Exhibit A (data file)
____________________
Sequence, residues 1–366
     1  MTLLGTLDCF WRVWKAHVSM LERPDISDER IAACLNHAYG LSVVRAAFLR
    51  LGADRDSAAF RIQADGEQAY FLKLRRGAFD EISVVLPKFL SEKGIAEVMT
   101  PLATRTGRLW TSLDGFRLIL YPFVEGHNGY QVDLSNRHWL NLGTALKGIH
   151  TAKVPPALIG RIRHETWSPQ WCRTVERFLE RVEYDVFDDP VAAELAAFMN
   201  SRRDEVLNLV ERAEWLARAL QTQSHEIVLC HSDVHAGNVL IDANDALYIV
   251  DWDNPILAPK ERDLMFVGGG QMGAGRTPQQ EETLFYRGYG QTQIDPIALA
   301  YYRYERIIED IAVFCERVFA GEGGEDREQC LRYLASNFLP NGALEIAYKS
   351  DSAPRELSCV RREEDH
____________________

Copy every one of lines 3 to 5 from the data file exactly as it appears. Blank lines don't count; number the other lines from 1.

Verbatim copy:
    51  LGADRDSAAF RIQADGEQAY FLKLRRGAFD EISVVLPKFL SEKGIAEVMT
   101  PLATRTGRLW TSLDGFRLIL YPFVEGHNGY QVDLSNRHWL NLGTALKGIH
   151  TAKVPPALIG RIRHETWSPQ WCRTVERFLE RVEYDVFDDP VAAELAAFMN